Our FERC submission

The FERC.gov site has been down for quite awhile today so I haven’t been able to file our submission yet. I’ve linked to it here:

Our submission – original PDF

Apologies for the length, I’m a pretty wordy individual.

Update:

The FERC website stayed up long enough for our submission to take ūüôā Our official comments (same as the document above are available below):

Our FERC comments – FERC Generated PDF

Our FERC comments – FERC Generated PDF Alternate Site

My FERC comments at the scoping meeting

The pipeline will carry 1 billion cubic feet of natural gas through it per day. PennEast says that’s “enough gas to serve more than 4.7 million homes”. In their FERC filing under “Purpose and Need” they state that “…the Project is designed to bring lower cost natural gas to homes and businesses in Pennsylvania and New Jersey”. They repeatedly state that this pipeline is for the benefit of New Jersey and Pennsylvania.

Here’s some facts taken from the U.S. Energy Information Adminstration (http://www.eia.gov/).

The entire state of NJ has approximately 2.6 million natural gas residential consumers. All of Pennsylvania also has about 2.6 million natural gas residential consumers. ¬†Combined that’s 5.2 million residential consumers.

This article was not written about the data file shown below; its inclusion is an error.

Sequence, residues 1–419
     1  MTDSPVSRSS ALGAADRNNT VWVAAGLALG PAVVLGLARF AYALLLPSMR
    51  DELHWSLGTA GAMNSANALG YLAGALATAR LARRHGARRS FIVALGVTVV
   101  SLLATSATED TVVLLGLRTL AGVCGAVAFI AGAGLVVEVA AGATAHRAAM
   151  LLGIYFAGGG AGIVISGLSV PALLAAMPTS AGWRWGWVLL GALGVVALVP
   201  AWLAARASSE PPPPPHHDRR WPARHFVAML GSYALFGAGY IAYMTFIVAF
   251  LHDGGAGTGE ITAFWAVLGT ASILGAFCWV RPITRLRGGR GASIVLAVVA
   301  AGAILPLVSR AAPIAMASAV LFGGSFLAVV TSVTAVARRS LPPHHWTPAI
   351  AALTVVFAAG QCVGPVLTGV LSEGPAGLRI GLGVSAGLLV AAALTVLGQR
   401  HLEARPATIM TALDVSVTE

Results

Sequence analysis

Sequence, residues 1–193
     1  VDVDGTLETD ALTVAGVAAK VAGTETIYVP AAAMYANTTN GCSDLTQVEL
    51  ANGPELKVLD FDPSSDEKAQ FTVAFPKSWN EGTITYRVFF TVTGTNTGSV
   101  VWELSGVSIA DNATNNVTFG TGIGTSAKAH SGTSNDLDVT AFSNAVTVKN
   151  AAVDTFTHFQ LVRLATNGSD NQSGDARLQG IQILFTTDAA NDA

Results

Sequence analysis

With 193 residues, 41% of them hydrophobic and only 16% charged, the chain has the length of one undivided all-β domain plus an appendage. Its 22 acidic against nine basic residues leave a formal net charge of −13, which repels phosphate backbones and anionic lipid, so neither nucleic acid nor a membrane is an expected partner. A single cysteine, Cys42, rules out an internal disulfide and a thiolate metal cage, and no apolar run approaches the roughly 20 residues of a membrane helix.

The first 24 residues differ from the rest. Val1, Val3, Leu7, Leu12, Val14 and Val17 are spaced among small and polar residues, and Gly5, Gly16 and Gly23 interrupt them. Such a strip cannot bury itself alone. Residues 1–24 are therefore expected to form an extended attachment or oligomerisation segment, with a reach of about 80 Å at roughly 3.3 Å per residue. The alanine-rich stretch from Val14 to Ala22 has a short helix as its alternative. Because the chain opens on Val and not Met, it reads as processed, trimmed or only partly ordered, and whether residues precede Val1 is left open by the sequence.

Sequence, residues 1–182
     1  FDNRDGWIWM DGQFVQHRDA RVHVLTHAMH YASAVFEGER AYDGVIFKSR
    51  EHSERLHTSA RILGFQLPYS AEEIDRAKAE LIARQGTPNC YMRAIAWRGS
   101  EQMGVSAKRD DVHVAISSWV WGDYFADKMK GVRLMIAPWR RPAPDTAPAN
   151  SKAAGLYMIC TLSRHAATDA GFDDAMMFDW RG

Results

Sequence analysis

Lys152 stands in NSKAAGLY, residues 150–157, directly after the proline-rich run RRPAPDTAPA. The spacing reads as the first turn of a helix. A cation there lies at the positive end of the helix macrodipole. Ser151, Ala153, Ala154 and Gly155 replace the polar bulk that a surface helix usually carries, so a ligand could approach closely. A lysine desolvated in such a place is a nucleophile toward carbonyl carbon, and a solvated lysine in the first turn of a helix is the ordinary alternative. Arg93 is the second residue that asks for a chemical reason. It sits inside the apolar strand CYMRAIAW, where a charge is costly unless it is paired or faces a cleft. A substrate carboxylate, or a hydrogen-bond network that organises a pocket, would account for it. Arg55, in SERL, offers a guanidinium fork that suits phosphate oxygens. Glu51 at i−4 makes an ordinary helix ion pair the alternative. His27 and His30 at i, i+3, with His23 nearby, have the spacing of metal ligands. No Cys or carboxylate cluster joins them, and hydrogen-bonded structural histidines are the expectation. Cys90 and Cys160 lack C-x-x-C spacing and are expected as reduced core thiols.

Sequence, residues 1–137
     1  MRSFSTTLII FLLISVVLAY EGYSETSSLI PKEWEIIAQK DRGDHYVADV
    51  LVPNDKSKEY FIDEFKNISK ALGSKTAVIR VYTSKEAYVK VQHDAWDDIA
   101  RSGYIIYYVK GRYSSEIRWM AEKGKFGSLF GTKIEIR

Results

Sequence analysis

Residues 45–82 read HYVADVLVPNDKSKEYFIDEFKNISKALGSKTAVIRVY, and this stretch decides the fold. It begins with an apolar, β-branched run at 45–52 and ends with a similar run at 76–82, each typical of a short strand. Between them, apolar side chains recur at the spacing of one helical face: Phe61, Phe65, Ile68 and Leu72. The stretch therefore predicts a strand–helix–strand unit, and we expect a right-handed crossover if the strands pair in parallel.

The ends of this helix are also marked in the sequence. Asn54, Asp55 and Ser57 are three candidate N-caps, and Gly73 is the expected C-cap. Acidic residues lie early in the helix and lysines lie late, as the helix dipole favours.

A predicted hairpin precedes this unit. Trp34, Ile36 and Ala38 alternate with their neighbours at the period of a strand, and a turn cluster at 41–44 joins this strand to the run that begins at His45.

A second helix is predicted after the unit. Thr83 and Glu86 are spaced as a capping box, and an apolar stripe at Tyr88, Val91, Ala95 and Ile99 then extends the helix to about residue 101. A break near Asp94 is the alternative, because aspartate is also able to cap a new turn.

PennEast is delivering enough gas for “4.7 million homes”. ¬†Wait, what? ¬†This pipeline carries enough gas to supply 90% of all consumers in both states? ¬†Why do we need this pipeline? ¬†We already have sufficient supplies for both states. ¬†In fact this is a smokescreen, this pipeline is vast over kill for NJ/PA residential use. ¬†Unless PennEast thinks NJ and PA will double the number of natural gas consuming homes, which seems a bit ridiculous on its face.

Maybe we should factor in all uses of natural gas in both states, both residential and commercial. ¬†eia.gov has those numbers too. ¬†In total NJ averages 1.8 billion cubic feet of natural gas consumption per day across all consumers, and 3.0 billion in PA. ¬†So that’s 4.8 billion cubic feet used by both states per day. ¬†These numbers still don’t add up – this one pipeline¬†represents 20% of our total commercial and residential consumption in the two states combined.